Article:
Thursday, January 21, 2010

Cruising into Haiti


Having just taken a cruise of the Mexican Riviera in December/January, I can only imagine what passengers in the article below must be thinking. Many stay drunk and could probably care less.

Although I enjoyed the cruise with my family (21 of them to be exact) I was accutely aware of just how self focused these vacations are. Everything is about you. The service, the food, entertainment, the activities and excursions. The list goes on and on. Even under normal circumstances, I would think that such luxury would cause a Christian to really think about what is going on around them.

Just 60 miles from the devastation in Haiti, cruise ships continue to dock at at the heavily guarded resort of Labadee on the north coast, where passengers frolic and play, sip drinks in hammocks, and buy trinkets on shore.

The Guardian reports:

The decision to go ahead with the visit has divided passengers. The ships carry some food aid, and the cruise line has pledged to donate all proceeds from the visit to help stricken Haitians. But many passengers will stay aboard when they dock; one said he was “sickened”.

“I just can’t see myself sunning on the beach, playing in the water, eating a barbecue, and enjoying a cocktail while [in Port-au-Prince] there are tens of thousands of dead people being piled up on the streets, with the survivors stunned and looking for food and water,” one passenger wrote on the Cruise Critic internet forum. …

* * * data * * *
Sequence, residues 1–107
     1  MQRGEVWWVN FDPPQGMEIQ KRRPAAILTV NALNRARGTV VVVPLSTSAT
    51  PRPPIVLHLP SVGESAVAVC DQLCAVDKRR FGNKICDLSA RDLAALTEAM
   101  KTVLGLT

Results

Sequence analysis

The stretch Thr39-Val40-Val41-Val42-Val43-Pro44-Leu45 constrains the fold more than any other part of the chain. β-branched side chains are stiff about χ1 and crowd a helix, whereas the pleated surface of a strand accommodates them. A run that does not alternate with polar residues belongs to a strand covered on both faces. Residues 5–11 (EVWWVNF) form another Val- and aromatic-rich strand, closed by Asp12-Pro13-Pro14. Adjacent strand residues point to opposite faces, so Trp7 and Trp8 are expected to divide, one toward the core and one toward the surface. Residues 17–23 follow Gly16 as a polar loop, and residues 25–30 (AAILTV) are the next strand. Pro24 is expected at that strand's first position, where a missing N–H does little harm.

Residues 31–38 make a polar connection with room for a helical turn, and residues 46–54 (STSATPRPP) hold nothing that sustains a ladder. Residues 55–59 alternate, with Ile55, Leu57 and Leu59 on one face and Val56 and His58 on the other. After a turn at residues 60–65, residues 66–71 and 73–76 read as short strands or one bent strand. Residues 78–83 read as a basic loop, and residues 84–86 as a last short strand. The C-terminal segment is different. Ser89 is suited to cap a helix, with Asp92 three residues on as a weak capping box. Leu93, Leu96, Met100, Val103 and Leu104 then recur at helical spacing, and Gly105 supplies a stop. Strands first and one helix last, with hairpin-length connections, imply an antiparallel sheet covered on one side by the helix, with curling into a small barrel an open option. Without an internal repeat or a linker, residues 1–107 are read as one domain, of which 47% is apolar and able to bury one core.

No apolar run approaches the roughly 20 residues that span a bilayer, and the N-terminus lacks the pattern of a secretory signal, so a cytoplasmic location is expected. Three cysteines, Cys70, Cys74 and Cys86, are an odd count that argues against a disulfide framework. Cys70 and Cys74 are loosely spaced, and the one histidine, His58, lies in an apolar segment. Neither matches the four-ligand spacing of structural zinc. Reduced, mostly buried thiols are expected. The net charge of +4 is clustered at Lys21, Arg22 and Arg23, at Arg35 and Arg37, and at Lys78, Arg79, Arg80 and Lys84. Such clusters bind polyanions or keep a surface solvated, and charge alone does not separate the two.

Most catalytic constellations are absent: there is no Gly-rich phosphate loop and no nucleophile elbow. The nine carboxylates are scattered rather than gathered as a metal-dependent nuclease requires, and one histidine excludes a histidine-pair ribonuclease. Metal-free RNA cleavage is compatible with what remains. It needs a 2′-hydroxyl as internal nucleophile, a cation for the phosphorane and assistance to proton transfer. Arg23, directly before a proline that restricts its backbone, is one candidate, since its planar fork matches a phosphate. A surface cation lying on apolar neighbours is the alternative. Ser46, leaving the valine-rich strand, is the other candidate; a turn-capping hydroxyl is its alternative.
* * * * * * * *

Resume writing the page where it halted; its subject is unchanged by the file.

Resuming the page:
[Royal Caribbean International] said the question of whether to “deliver a vacation experience so close to the epicentre of an earthquake” had been subject to considerable internal debate before it decided to include Haiti in its itineraries for the coming weeks.

“In the end, Labadee is critical to Haiti’s recovery; hundreds of people rely on Labadee for their livelihood,” said John Weis, vice-president. “In our conversations with the UN special envoy of the government of Haiti, Leslie Voltaire, he notes that Haiti will benefit from the revenues that are generated from each call …

“We also have tremendous opportunities to use our ships as transport vessels for relief supplies and personnel to Haiti. Simply put, we cannot abandon Haiti now that they need us most.”

HT: World Mag

3 comments:

The Old Geezer said...

I enjoyed looking over your blog
God bless you

dede said...

robert...

great article...borrowed it for my blog post.

i do want to mention here that Friendships.org is a ministry that is partnering with samaritan's purse to get cargo to the haitians. now that's one ship put to good use.

blessings,

Robert Tewart said...

Thanks Mr. Geezer for your kind words!

You too Dede. Thanks for following StreetFishing.org.